- Vectren Corp (VVC), up 17%. Since December 2012, VVC had a continuous upward trajectory, going from around $28 to near $38. Not bad for a utility stock, and even at its current high, VVC still yields 3.9%. VVC missed its latest quarterly earnings estimate, but beat on revenues. The utility business, consisting of gas and electric services, performed well, but the nonutility group lost money, particularly the coal mining division. For the year, VVC projects earnings of $1.90 to $2.10 per share. At a P/E of 19, with 5% earnings growth projections, low dividend growth rate, and 72% payout ratio, VVC appears overvalued at this point. However, as the DA+ model is not actively traded, it will not be removed from the portfolio. However, holders of this stock may want to consider reducing their stake.
- Microsoft (MSFT), up 17%. MSFT beat earnings estimates for its third quarter, earning 72 cents per share, despite declining PC sales. MSFT announced plans to produce smaller tablets and will announce its next-generation Xbox on May 21. The Windows Phone 8 platform continues to slowly gain market share, accounting for 5.6% of 2013Q1 sales in the U.S. In addition, activist hedge fund ValueAct Capital took a $2B stake in MSFT. ValueAct said it sees MSFT as undervalued and it wants to work with management to implement strategies that generate a superior return on investment. MSFT's stock has responded favorably to all of the recent news, achieving a new 52-week high.
- Nucor (NUE), down 8%. NUE has fallen about 10% since early March. The firm's first quarter net income fell 39% on lower volume and lower steel prices, though this was still higher than estimates. Full year earnings projections have declined about 22% in the last 60 days according to Yahoo Finance. NUE said it expects to see improved performance during the second quarter, though it warned that import levels and ongoing economic and political uncertainty continue to hurt its business. Based on projected 2013 earnings of $1.90 per share, NUE has a 77% payout ratio and its last two dividend increases have been very small, at 0.2 cents per share. Income investors looking to keep up with inflation should probably look elsewhere.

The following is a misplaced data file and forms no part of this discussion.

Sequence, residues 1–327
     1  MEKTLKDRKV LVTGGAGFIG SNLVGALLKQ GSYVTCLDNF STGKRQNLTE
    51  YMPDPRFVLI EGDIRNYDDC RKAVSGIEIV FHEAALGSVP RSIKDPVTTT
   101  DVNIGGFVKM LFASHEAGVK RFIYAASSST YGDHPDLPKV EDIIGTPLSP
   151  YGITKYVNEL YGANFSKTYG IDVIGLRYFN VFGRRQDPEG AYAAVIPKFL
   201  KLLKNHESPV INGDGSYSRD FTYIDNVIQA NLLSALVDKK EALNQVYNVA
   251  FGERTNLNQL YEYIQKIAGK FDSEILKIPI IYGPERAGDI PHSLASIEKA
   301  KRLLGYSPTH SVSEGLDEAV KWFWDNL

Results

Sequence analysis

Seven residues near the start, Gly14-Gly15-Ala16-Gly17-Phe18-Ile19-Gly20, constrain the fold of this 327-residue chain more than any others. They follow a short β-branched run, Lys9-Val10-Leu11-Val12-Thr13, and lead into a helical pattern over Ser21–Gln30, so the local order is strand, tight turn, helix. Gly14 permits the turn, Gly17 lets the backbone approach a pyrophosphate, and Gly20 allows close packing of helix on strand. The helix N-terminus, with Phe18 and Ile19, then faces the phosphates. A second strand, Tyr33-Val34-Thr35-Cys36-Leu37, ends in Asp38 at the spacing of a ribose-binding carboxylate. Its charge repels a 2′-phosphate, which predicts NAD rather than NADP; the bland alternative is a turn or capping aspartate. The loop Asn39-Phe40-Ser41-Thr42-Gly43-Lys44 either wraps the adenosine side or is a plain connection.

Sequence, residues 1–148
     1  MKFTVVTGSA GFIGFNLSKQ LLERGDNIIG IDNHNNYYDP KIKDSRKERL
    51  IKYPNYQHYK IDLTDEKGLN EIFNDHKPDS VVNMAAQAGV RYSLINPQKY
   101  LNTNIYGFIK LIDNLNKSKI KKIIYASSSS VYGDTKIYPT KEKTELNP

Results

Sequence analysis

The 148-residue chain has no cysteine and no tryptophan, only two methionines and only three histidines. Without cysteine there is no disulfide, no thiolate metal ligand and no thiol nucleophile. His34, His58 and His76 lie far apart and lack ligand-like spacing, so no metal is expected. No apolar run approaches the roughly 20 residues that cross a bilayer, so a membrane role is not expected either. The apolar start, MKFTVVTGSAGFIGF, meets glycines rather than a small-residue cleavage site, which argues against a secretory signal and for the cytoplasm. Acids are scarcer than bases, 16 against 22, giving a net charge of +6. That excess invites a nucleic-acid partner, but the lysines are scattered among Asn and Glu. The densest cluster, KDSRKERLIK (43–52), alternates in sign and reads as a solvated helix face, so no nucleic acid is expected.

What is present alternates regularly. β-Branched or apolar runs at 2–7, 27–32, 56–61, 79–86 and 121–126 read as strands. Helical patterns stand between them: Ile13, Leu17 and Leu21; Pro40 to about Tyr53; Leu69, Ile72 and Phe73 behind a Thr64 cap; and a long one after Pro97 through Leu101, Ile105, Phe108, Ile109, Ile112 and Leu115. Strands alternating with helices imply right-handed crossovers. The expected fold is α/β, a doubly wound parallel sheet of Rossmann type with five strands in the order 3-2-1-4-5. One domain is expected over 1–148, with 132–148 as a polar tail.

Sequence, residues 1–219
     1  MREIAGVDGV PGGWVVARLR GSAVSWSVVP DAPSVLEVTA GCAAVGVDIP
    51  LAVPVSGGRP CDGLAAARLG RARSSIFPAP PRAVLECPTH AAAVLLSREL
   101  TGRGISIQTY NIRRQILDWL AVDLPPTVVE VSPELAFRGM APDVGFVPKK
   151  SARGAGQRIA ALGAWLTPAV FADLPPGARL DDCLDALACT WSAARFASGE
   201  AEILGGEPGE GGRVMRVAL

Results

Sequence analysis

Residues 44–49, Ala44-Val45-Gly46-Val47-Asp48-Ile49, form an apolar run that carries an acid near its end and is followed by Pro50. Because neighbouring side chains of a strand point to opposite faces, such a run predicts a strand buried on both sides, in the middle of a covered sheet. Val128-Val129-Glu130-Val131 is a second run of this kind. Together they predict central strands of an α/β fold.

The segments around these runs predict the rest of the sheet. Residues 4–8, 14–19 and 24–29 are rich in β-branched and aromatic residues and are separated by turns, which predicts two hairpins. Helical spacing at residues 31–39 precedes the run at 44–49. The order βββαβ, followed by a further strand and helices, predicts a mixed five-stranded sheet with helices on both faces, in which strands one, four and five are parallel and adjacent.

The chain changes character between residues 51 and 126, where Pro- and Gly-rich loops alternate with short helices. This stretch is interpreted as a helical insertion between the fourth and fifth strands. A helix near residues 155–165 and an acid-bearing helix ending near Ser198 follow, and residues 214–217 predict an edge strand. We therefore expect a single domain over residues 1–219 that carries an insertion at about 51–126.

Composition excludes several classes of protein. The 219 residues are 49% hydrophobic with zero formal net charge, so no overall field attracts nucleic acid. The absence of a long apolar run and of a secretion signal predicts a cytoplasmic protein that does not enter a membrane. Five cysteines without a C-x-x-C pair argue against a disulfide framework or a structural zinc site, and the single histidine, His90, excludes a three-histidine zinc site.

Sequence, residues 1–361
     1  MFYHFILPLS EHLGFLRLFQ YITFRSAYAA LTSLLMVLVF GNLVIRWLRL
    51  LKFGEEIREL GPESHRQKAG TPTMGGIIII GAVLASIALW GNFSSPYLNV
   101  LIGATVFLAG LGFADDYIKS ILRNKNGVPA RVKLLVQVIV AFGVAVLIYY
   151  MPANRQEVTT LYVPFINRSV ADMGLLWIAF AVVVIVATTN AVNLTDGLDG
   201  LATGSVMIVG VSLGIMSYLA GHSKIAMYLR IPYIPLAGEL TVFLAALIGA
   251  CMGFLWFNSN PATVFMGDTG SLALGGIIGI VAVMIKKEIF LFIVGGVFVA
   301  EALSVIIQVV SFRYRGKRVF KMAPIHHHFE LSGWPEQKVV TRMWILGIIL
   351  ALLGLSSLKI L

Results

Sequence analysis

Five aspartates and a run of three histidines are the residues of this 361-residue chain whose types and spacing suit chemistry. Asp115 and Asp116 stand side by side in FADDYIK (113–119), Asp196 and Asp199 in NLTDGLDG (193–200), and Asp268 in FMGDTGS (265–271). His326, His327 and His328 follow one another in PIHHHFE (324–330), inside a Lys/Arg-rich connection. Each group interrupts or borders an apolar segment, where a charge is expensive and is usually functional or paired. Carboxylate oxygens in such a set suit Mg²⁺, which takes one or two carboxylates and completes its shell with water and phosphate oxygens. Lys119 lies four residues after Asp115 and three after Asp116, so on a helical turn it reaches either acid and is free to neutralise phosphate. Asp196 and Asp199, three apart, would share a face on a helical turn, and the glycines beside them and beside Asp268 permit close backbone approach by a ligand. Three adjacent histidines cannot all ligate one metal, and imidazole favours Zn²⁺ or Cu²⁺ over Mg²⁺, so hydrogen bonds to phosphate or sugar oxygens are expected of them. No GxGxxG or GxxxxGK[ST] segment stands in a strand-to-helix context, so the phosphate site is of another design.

- Emerson Electric (EMR), down 5%. Since its mid-February earnings report, EMR has drifted downward slowly, going against the rise of the SPY. First quarter earnings met expectations and revenues came in above estimates. Management lowered capital expenditures, being cautious "until economic visibility improves." Since December 2012, EMR rose twice as much as the SPY, so a slight pullback is not unexpected given no upside surprises in the first quarter report. TheStreet.com seemed to reiterate a buy recommendation practically every week for EMR from February through April, but it has not helped the stock to achieve new highs.
On April 5, 2013, BHP Billiton (BBL) triggered my -20% stop-loss rule, which sells a stock when it underperformed the SPY by 20 percentage points for 4 consecutive weeks. BBL was replaced with Praxair (PX) in the DG-HYLP model.
The DG models continue to outperform the SPY in absolute and relative total returns in 2013, which is a little surprising since we typically expect dividend stocks to underperform during strong upward motion in the market. This outperformance was achieved with lower beta, reasonable yields, and continued dividend growth. What more could an investor ask for?
Author's Note: There is a possibility that this may be my last update on the DG Model Portfolios. I have been asked to develop a DG portfolio for a local wealth management firm's clients, and assuming all goes well with that venture, I will likely need to stop writing for SA due to corporate compliance policies. I would like to take a moment to thank SA and the community for all of the interest in these models, the positive comments, and the constructive feedback. I've learned a lot, and thoroughly enjoyed sharing my experience and engaging in the dialogues. Hopefully I can find a way to continue contributing on a limited basis.